Google and T-Mobile’s Android
Today in New York, Google and T-Mobile will unveil the first handset to run Google’s Android operating system. How significant is the launch of Google’s new mobile phone? And does it have enough to take on the iPhone? (Pics)
The phone, dubbed the G1, might be the first Android-based device on the market, but it won’t be the last.
By this time next year, there will be dozens of phones available that run Google’s new mobile operating system. Android is designed to bring the desktop computing experience to mobile devices, by allowing people to surf the internet and carry out everyday tasks on the go.
The search giant is desperate to cut itself a substantial slice of the mobile advertising pie. Google already dominates desktop search and online advertising, and it sees mobile phones as the new battleground.
“We can make more money on mobile than we do on the desktop, eventually,” said Google’s chief executive, Eric Schmidt.
No wonder – it is estimated the mobile advertising market could be worth more than £5.5bn by 2011, as phones become more sophisticated, the web browsing experience becomes better, and high-speed mobile data networks become more commonplace.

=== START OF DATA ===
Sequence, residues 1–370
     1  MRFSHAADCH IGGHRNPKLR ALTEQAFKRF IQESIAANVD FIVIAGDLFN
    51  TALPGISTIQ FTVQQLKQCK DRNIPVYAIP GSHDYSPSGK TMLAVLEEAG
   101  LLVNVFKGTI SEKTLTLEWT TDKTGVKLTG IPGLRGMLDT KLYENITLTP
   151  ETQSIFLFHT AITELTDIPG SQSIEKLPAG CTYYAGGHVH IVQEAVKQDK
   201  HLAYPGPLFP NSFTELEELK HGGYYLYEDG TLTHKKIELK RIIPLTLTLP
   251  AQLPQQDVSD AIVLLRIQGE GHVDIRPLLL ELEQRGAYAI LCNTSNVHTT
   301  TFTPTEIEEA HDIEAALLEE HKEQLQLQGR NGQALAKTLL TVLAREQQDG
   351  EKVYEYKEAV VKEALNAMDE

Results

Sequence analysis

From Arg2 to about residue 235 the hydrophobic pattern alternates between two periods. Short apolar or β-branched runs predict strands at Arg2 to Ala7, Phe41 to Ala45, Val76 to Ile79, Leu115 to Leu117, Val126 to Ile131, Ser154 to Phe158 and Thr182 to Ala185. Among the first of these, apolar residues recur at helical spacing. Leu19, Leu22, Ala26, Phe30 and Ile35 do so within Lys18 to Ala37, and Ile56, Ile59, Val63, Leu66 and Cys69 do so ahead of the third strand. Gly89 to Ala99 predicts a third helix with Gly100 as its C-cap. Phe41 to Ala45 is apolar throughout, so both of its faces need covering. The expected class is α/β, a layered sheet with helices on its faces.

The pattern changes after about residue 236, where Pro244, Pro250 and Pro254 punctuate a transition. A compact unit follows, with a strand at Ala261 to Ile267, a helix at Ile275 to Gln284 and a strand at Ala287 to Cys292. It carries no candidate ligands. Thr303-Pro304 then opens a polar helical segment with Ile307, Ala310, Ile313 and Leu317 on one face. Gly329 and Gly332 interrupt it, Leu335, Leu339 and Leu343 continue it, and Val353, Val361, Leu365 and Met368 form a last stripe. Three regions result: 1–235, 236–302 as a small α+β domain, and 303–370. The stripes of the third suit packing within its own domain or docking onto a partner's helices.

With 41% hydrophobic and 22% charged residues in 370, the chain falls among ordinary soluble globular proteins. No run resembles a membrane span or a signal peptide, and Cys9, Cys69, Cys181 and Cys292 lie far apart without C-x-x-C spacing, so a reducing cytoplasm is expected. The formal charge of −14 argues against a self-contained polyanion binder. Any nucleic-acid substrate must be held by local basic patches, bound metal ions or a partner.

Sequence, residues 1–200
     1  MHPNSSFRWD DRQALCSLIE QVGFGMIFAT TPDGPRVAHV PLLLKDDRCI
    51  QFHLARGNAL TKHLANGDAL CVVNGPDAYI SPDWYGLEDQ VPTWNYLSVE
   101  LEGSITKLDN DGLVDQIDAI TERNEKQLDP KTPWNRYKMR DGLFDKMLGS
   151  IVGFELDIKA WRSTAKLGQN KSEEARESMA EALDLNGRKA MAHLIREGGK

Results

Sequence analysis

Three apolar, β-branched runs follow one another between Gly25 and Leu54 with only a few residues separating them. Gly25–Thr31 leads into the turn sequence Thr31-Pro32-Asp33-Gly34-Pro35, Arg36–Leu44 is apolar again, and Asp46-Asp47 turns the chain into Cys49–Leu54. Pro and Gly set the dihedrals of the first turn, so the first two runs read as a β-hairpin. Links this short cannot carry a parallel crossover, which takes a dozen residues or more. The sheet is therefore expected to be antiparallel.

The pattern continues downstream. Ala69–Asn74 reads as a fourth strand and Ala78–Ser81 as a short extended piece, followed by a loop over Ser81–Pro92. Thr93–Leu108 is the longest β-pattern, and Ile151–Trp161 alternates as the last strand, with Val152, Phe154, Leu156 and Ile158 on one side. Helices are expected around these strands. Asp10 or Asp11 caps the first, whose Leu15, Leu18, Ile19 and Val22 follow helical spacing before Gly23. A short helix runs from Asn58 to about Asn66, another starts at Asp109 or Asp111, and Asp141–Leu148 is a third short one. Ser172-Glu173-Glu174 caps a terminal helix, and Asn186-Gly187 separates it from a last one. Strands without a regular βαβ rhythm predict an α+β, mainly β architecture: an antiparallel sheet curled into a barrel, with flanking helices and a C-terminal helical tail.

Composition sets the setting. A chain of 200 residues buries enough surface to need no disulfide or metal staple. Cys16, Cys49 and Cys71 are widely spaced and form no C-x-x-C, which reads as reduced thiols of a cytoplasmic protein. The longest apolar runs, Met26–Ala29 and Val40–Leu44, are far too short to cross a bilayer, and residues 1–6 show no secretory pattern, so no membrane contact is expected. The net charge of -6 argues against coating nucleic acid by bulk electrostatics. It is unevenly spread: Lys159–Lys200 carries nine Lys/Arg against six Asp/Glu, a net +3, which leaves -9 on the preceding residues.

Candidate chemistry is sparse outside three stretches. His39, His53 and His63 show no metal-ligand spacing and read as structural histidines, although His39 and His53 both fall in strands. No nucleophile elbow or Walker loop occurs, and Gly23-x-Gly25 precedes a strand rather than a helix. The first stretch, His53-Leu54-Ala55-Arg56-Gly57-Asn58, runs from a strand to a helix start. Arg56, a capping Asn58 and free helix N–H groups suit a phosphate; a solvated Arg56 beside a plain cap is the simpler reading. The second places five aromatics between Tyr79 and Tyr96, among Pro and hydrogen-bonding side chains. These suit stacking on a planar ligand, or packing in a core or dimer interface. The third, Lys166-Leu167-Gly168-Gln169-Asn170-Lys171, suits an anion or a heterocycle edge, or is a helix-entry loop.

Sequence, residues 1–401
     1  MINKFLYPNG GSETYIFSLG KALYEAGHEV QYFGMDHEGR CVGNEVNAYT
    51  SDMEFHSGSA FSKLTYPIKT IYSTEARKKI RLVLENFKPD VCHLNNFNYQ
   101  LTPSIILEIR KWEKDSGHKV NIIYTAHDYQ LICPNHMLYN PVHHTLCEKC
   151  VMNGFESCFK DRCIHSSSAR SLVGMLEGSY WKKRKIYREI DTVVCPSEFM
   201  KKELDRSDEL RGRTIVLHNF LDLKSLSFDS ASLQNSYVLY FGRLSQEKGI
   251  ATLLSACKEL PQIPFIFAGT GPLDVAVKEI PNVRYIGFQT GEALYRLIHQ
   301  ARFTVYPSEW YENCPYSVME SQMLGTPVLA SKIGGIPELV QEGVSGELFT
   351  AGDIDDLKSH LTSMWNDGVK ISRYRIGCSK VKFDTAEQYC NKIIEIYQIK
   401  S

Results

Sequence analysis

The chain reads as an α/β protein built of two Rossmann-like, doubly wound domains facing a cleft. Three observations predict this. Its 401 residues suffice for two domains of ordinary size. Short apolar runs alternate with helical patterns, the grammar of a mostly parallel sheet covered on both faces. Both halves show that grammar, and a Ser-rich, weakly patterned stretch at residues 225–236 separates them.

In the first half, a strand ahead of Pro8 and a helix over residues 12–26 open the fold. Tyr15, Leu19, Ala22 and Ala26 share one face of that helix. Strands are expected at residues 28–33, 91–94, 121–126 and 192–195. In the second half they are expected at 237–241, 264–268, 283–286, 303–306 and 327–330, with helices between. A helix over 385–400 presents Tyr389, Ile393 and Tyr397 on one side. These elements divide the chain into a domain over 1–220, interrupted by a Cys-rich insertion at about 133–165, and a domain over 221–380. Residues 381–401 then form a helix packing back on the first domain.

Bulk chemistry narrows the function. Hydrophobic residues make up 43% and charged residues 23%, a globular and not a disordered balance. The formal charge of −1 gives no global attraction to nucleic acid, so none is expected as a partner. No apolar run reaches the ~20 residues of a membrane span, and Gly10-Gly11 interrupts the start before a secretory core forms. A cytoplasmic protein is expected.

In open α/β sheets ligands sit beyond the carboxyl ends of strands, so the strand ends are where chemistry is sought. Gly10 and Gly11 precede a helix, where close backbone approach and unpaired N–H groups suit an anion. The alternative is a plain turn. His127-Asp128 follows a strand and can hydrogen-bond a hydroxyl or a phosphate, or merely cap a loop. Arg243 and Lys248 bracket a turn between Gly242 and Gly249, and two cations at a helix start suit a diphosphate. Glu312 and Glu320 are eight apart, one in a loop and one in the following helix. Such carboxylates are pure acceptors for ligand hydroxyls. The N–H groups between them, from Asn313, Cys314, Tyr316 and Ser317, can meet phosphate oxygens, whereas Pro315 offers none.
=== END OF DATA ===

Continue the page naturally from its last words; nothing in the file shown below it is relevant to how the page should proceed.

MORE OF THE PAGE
So developing an operating system that has Google as its beating heart was an obvious goal for the innovative search company.
Although the G1 is made by HTC, and will be available in the UK on the T-Mobile network, cut it and it bleeds the colours of Google.
Mobile phones are the new battlefront. They are one of the world’s most ubiquitous gadgets, owned by even some of the poorest people. In developing nations, mobile phone ownership vastly outweighs computer ownership.
An entire industry has sprung up around the mobile phone in these countries, with remote villages conducting business by text, and mobile banking providing one of the most secure and trustworthy ways of carrying out transactions in nations where the financial infrastructure is unstable, or open to corruption.
Dozens of companies are locked in battle to become to mobile phones what Microsoft was to personal computers a decade ago.